I’d love to say the inspiration was gapyear.com – maybe it was – the more I travel the more I meet people who tell me gapyear.com was in some way responsible for their current adventure.
Our site community have certainly inspired me in my future travels.
I’m leaving gapyear.com to travel to France, Italy, Slovakia, Hungary, Romania and Bulgaria over the summer. Then in October I’m going to Mexico, Guatemala and Belize up until Christmas. In January I’ll be visiting Japan, Taiwan, Philippines, Indonesia, Sri Lanka, India, Nepal and Burma up until May then… who knows?
Financing your gap year
There’s a certain amount of taunting of the phrase ‘gap year’ and as I’ve said, a stigma that they’re just for rich kids to build toilets, but there are so many ways to enjoy a variety of experiences on a gap year on the cheap that it’s just a myth. I know, I’ve done it. I’ve worked, volunteered and travelled as cheaply as possible to afford the adventures I’ve had.
Anyone who says travel is too expensive has no imagination.
My travels have been worth every hour of slogging away on minimum wage in a pub / data entry office / shop, that I’ve done. I can assure you that I’ve paid for all my travels from the age of 16 onwards and Slovakia will be my 40th country. If you want to go off exploring you’ve just got to learn to spend, save and travel wisely.
- 19 Ways to Make Money on Your Gap Year
- 13 Things to Stop Doing NOW, to Afford a Gap Year
- How to Budget Like a Top Travel Blogger
My travel journey
Going to the USA to work at summer camp aged 21 changed my life. I met so many incredible people, who I still count as friends today, and as cheesy as it sounds, it opened my eyes to the world. This cost a few hundred, which I earned working in a pub at university. I got free bed and board for three months in upstate New York, and a salary at the end of it to spend on one crazy week in Cancun. I did this in my university summer, and more than a few close friends and family said I was a changed person when I returned. I certainly felt different.
I went back to summer camp the next year, and then on to Australia for two months to stay with my friends I’d made in both years at camp, for free. I then taught English in Madrid before doing an NCTJ journalism course, which finally got me a job in London. A few years of working, then a redundancy, and it was time to travel again with four months through Europe.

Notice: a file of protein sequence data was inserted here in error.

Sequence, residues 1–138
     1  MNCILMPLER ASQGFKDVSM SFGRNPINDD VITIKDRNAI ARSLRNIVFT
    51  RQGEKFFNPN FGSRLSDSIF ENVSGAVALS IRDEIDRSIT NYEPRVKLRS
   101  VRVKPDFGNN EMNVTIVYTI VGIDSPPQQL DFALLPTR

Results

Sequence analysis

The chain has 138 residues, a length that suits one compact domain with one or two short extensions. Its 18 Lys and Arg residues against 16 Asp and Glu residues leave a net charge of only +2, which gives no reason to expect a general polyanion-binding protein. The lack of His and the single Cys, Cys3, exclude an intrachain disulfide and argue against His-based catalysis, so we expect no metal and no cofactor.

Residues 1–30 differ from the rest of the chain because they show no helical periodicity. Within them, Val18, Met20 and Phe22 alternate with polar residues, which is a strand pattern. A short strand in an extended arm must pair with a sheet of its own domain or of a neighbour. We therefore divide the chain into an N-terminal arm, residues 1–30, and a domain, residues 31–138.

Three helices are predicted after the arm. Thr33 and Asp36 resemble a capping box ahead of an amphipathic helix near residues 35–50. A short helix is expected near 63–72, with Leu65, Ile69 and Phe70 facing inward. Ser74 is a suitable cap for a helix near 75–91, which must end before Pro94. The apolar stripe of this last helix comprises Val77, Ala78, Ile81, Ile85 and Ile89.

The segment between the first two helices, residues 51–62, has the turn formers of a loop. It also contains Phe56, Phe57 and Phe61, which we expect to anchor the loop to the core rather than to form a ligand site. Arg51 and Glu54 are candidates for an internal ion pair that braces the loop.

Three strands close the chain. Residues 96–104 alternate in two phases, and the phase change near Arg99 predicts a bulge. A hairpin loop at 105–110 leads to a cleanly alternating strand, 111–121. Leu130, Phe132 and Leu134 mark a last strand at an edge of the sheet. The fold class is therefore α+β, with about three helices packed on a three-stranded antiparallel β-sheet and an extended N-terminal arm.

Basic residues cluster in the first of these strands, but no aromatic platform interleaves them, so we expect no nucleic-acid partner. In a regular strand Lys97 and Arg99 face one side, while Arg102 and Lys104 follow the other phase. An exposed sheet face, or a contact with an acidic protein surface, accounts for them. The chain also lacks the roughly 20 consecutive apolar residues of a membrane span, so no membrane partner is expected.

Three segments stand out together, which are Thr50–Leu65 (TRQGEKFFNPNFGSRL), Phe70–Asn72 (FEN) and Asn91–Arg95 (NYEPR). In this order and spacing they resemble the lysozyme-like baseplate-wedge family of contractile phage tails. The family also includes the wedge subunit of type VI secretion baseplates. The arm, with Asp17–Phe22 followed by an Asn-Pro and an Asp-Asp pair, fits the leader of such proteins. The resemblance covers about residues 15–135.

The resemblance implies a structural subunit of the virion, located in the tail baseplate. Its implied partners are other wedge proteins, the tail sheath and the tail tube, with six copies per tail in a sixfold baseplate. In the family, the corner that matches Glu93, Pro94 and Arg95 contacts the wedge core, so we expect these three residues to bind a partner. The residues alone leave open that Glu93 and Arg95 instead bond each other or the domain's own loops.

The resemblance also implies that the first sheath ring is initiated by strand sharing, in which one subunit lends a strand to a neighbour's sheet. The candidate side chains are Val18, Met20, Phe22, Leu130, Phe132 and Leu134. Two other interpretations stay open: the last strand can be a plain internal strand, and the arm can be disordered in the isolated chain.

Since then I’ve been on a lot of weekends and weeks away and travelled with my job, but now, with the opportunity to do exactly as I please I’m going on a gap year, at 29 years old.
I heart travel
For 97%* of people who go on a gap year it will be the best thing they ever do. For some it might not seem like it at the time, but when you return you’ll appreciate the incredible time you had and the benefits of throwing yourself into it will slowly shine. The people you meet, the food you taste, the sounds, smells, emotions, and the wealth of experiences you suck up are infinite.
Gap years are not just for rich kids aged 18-21 to go off for a year and then come back to the rat race with tales of ‘chundering’ with ‘Tarquin’. Going travelling and exploring all your skills and interests away from what you’ve grown up with, or what you’ve got used to, will make you a stronger, wiser and generally more interesting person.
No matter what your age, background, skillset or interests taking some time out abroad to appreciate them is well worth it. For some it may just be an awesome year of their lives that they’ll remember with a laugh, but for others, like me, taking some time out will genuinely change their lives for the better.
It’s probably time to find out what a gap year could do for you.
And if you are a toff who wants to build a toilet, we have options for that too!
(*from my observations)